Boston Sports Doc Injury Blog

Dr. Christopher Geary, your source for info on the latest sports injuries with a bit of a Boston slant…

Ok, it’s not really THAT bad, but everyone’s still worried, right?


By now you’ve no doubt heard that Tom Brady apparently hurt his left shoulder in the Carolina Panthers game in week 4 (compliments of another of the NFL’s ageless wonders, Julius Peppers) and reaggravated it this past week against the Bucs (compliments of the Patriots’ sieve-like offensive line). Reports have come out that Brady had an MRI which showed no structural damage or tears, and he has been diagnosed with an acromioclavicular (AC) joint sprain.

So what does that mean for Brady and the Pats? First, a little about the AC joint in general. The AC joint is the small joint at the top of the shoulder where the acromion (the top of the scapula, or shoulderblade) meets the clavicle (collarbone).


It’s a commonly injured joint in contact sports – usually by falling directly onto the shoulder, not uncommonly with a very large person directly on top of you driving you into the ground with malicious intent, like, say, this:


This picture is, of course, Patriots backup quarterback Jimmy Garoppolo injuring his right AC joint against the Dolphins in week 2 last year. Garoppolo’s injury is similar to Brady’s but different in that it was to his throwing shoulder and was apparently more severe than Brady’s, given the amount of time (2+ games) he missed.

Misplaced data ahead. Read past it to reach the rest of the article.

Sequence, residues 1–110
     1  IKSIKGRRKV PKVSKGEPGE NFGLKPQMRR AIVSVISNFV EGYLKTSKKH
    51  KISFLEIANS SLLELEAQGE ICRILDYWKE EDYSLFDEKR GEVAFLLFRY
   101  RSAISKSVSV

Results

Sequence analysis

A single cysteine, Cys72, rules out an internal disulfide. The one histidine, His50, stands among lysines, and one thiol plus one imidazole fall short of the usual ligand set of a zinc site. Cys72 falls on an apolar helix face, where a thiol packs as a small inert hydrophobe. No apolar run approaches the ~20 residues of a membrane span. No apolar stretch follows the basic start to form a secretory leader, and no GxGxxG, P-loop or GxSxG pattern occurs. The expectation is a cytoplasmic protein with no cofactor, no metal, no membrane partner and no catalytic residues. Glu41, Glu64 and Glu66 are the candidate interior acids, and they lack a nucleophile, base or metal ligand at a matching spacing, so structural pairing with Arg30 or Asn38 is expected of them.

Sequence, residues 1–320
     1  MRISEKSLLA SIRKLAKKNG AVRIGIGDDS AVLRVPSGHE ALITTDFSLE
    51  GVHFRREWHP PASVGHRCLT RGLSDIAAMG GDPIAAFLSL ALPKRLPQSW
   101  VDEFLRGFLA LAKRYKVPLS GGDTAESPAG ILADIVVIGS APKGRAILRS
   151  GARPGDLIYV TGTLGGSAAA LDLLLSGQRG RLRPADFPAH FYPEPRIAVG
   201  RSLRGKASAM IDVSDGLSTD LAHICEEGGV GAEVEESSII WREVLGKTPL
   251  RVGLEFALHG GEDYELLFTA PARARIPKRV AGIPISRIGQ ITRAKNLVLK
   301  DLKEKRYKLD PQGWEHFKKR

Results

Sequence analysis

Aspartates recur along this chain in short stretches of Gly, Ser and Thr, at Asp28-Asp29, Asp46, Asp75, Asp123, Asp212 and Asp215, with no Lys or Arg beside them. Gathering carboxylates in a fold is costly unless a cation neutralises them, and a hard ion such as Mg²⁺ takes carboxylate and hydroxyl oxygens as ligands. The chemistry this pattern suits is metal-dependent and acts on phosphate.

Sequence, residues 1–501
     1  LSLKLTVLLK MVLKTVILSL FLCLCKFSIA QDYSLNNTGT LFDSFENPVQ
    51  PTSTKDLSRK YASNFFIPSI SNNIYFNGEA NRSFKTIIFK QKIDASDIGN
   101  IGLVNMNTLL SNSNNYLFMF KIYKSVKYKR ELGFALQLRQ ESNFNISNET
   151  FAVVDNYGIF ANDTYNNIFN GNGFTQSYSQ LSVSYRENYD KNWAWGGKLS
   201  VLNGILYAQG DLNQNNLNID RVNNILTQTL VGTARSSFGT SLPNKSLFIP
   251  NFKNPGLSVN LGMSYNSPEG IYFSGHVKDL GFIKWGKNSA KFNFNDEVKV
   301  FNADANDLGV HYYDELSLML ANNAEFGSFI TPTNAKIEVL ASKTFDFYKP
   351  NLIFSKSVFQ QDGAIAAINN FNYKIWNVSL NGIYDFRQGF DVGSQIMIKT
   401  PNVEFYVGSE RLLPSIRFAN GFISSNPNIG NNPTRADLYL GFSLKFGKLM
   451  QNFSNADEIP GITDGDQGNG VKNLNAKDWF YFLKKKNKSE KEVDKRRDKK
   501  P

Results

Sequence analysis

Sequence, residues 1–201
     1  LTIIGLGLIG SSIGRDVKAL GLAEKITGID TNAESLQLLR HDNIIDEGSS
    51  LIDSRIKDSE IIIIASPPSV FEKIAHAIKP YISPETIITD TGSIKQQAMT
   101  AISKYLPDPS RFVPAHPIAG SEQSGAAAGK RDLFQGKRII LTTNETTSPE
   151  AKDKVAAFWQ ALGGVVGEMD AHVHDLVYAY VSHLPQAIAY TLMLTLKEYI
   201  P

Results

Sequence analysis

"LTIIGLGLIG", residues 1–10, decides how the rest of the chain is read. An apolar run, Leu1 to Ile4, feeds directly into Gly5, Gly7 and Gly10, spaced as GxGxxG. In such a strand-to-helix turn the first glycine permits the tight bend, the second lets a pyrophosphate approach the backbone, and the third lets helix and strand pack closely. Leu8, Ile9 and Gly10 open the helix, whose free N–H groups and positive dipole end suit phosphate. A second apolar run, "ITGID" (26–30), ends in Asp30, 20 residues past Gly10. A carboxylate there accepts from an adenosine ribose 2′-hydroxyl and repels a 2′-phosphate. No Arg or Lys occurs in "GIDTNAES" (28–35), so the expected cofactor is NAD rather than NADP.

Like a lot of things in orthopedics, AC joint injuries can be of varying severity, denoted by the “grade” of injury. Most orthopedic classification systems don’t go very high in terms of grades because math makes our heads hurt, and AC injuries follow this formula – there are six grades of injury, with grade 1 being the least severe (a sprain of the joint) and grades 2-6 being increasingly severe disruptions of the joint (separations).


The vast majority of these are treated without surgery, but the more severe the injury, the longer the injured player will likely be out.

In Brady’s case he apparently has a grade 1 injury to his non-throwing shoulder, so the outlook is good for him to miss little, if any, action. He did miss practice today but this should be something which is manageable with a combination of training room treatment, Alex Guerrero/TB12 hocus-pocus, and potentially a numbing injection into the joint around game time. Brady’s ability to play will really come down to pain tolerance- he’s not putting his shoulder at risk structurally by playing – and he certainly has a track record of playing through pain in the past.  I’d put my money on Brady being out there this weekend but don’t be surprised if they are more likely to play Jimmy G sooner rather than later in the event of a blowout.  For the balance of the season, if the offensive line can keep Brady upright (big “if”, I know) his shoulder shouldn’t be a major concern.

One thought on “Tom Brady and the Terrible, Horrible, No Good, Very Bad AC joint 

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